For a second, let’s throw consumer tech aside, because by far the most exciting technological development to hit the big time this decade has to be 3D printing. We’ve seen plenty of practical medical uses for the new technology, which uses massive (or sometimes not-so-massive) industrial printers to create objects from solid materials using an additive, layering process. The goal of creating viable organs and other body parts to be used for transplants has been spoken of a lot as very much within reach. Today, we have a more concrete example – the trachea.
This New York Daily News report follows Dr. Faiz Bhora and his research team at St. Luke’s and Roosevelt Hospitals, who are getting close to developing a 3D-printed human trachea that could be used for both adults ravaged by respiratory illnesses and infants born with malformed respiratory systems. The trachea would be printed using biological materials and – as is the advantage of 3D-printed body parts – would be customized for each individual patient.
The report mentions a few times when a synthetic trachea or breathing tube was used in operations – with mixed results. What makes this development different is that the 3D-printed trachea would be minimalist in structure. It would then be combined with stem cells in order to create a new trachea that would actually grow along with the patient. In this way, the likelihood of the body’s immune system rejecting the implant as a foreign object would be decreased, as the body would be actively integrating the trachea while the stem cells around it differentiate into the cartilage that by and large makes up the mass of the trachea.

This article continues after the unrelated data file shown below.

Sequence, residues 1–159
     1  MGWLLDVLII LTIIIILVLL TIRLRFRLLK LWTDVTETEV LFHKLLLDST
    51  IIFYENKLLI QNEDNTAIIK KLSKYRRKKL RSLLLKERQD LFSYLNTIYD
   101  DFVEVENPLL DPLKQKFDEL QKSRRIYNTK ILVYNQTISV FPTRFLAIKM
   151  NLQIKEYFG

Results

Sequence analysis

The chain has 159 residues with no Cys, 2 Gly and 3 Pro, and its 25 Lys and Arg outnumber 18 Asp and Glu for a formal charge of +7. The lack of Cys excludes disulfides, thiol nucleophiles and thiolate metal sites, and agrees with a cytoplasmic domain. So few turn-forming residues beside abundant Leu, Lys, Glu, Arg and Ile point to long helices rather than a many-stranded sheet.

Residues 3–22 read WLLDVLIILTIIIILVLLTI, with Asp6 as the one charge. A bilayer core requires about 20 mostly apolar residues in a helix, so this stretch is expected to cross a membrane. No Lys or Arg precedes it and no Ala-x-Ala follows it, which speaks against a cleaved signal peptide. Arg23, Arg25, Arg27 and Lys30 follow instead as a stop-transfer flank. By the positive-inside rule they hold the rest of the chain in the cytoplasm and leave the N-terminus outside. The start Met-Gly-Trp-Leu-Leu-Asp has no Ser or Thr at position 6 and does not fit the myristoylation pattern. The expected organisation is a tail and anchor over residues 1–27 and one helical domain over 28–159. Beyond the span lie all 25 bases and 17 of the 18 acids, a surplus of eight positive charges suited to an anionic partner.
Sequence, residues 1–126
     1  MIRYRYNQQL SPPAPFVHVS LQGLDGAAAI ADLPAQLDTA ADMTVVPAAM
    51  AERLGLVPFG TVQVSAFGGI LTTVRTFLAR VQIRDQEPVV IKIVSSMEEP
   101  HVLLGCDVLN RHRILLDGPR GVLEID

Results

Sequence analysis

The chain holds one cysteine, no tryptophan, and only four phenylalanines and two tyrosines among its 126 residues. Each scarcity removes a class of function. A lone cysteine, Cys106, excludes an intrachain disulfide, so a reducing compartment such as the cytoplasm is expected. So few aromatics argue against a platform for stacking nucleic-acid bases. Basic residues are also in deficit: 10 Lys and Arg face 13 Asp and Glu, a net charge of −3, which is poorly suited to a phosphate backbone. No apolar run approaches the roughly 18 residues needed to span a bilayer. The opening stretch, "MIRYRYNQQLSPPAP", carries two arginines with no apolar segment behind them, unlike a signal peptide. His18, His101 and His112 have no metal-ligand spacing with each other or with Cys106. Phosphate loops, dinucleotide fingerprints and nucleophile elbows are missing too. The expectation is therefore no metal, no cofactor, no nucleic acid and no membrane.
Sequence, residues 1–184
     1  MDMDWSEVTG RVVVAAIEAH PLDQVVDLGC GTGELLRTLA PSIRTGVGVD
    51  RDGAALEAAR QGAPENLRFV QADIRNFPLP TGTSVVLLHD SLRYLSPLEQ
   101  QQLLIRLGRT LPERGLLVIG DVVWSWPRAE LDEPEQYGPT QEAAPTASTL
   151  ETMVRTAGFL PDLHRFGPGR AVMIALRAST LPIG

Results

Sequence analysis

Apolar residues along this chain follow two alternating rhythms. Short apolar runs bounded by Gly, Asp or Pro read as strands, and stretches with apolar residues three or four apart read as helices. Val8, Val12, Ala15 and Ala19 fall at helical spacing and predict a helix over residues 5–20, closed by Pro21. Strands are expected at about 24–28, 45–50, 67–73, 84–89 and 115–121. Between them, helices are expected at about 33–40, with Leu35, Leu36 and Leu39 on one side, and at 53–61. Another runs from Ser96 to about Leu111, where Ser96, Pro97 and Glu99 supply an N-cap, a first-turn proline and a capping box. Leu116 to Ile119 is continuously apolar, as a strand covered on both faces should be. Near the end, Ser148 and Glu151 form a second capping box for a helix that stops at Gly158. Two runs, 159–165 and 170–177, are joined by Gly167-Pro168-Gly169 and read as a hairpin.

The team believes they are a few years away from being able to implement the new technology in human cases writ large – for now, they’re continuing testing, currently with a pig. That pig, which received its 3D-printed trachea three months ago, is doing well, and the team has confirmed that the trachea is growing as the pig grows. So far, so good.